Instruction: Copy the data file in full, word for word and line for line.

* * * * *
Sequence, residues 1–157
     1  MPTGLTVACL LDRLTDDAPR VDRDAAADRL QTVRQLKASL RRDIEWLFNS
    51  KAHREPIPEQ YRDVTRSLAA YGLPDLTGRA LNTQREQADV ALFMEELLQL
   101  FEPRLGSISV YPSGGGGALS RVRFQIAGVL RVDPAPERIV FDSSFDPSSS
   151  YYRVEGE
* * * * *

Sequence, residues 1–157
     1  MPTGLTVACL LDRLTDDAPR VDRDAAADRL QTVRQLKASL RRDIEWLFNS
    51  KAHREPIPEQ YRDVTRSLAA YGLPDLTGRA LNTQREQADV ALFMEELLQL
   101  FEPRLGSISV YPSGGGGALS RVRFQIAGVL RVDPAPERIV FDSSFDPSSS
   151  YYRVEGE